Global warming could actually be good for penguins, study suggests
Researchers studying Adelie penguins – the most common species of penguin in Antarctica – have produced a study suggesting global warming may actually be good for the species.
In stark contrast with much of the world, the scientists believe the animals are happier when there is less sea ice.
Ice-free conditions mean the flightless birds are able to travel more by swimming, than by walking, and therefore access food more easily the study claims.
‘For penguins, swimming is a whopping four times faster than walking,’ lead researcher Yuuki Watanabe at the National Institute of Polar Research said.
‘They may be sleek in the water but are pretty slow waddlers overland.’
In recent decades, Antarctica has experienced a steady increase in the extent of its sea ice, even as the Arctic has suffered through a marked decrease, researchers say.
But this is not expected to last much longer as the climate changes, with Antarctica also projected to see a decline in its sea ice.
Polar biologists have known for some time that Adelie penguins tend to see population increases during years of sparse sea ice and suffer massive breeding failures in the years with the greatest growth of sea ice.
But until now, researchers did not really know why.
Researchers with Japan’s National Institute of Polar Research electronically tagged 175 penguins with GPS devices, accelerometers and video cameras across four seasons with different sea ice conditions.
This allowed them to track penguins on their trips, categorise walking, swimming and resting behaviour, and estimate the amount of prey captured during dives.
Dr Watanabe said: ‘It turns out that these penguins are happier with less sea ice.
‘This may seem counter-intuitive, but the underlying mechanism is actually quite simple.’
When there is heavy sea ice, the penguins have to walk – and sometimes toboggan – a long way to find cracks in the ice in order to access the waters where they hunt, taking sometimes quite lengthy rests along the way.
But when there is less sea ice, the birds can dive anywhere they want, often just entering the water right by their nests.
Scientists say this is more energy and time efficient and it expands their foraging range.
It is also likely to reduce competition with other penguins for prey and allows them to catch more krill – the penguin’s main prey.
Less sea ice also means more sunlight entering the water, leading to larger blooms of the plankton that the krill feed on.
But this only applies to the penguins that live on the main ‘continental’ part of Antarctica.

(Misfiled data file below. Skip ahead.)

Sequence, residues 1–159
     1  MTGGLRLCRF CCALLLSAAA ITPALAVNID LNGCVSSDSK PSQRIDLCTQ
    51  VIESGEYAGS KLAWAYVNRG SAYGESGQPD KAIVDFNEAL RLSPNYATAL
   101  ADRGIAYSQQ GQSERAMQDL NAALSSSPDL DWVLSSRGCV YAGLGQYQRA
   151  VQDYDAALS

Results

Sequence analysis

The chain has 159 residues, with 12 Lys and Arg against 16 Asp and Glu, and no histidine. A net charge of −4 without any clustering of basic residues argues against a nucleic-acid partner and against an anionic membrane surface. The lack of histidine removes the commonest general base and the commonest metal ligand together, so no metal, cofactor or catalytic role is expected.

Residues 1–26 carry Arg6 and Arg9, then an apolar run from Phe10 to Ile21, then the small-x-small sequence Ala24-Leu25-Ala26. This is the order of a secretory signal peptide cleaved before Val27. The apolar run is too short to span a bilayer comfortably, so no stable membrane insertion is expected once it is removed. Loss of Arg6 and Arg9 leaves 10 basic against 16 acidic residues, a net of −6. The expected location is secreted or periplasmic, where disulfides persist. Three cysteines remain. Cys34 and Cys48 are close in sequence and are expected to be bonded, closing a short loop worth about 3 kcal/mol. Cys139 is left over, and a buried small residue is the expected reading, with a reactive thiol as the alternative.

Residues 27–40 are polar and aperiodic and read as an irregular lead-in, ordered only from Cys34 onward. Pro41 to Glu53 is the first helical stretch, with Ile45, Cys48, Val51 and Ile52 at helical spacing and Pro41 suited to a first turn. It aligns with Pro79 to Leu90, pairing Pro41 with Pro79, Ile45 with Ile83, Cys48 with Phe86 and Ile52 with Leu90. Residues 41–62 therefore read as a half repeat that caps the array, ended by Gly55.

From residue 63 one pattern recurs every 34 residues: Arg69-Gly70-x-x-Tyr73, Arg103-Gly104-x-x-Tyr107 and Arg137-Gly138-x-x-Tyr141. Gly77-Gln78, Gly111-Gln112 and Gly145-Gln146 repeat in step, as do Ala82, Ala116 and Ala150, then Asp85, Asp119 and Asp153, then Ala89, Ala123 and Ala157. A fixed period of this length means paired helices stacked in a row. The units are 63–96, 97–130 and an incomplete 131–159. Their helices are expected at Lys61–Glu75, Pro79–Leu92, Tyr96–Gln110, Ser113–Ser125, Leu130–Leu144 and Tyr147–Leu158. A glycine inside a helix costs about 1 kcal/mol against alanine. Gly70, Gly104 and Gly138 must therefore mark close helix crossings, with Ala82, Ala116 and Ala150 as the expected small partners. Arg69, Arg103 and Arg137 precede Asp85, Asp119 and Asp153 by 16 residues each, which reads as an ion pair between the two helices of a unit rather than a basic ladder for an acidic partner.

The opposite happens to the penguins that live on the thin Antarctic peninsula that sticks out from the continent or live on its islands.
The study published in Science Advances covered the breeding seasons in 2010/11, 2011/12, 2012/13 and 2016/17.
The researchers found that the penguins may have expended an average of 15% to 33% less energy per trip compared with ice-covered seasons, putting that saved energy into growth and reproduction.
Two years ago, a previously hidden colony of Adelie penguins was discovered living on remote islands on the coast of Antarctica.
A total of 1.5 million penguins are living on ‘The Danger Islands’, which are surrounded by icy waters packed with thick sea ice that makes them extremely difficult to access.
The area was named the Danger Islands by a British explorer called James Clark Ross, who almost ran into rocks nearby because they were buried under ice.
‘Until recently, the Danger Islands weren’t known to be an important penguin habitat,’ said Heather Lynch, associate professor of ecology and evolution at Stony Brook University.
She said the supercolonies have undetected for decades because of the remoteness of the islands and the treacherous waters that surround them.
Michael Polit of Louisiana State University said the discovery showed Adelie penguins were having a nicer time of things that was previously believed – also suggesting global warming hasn’t affected the species as badly.
‘Not only do The Danger Islands hold the largest population of Adelie penguins on the Antarctic Peninsula, they also appear to have not suffered the population declines found along the western side of Antarctic Peninsula that are associated with recent climate change,’ he said.
Source: Read Full Article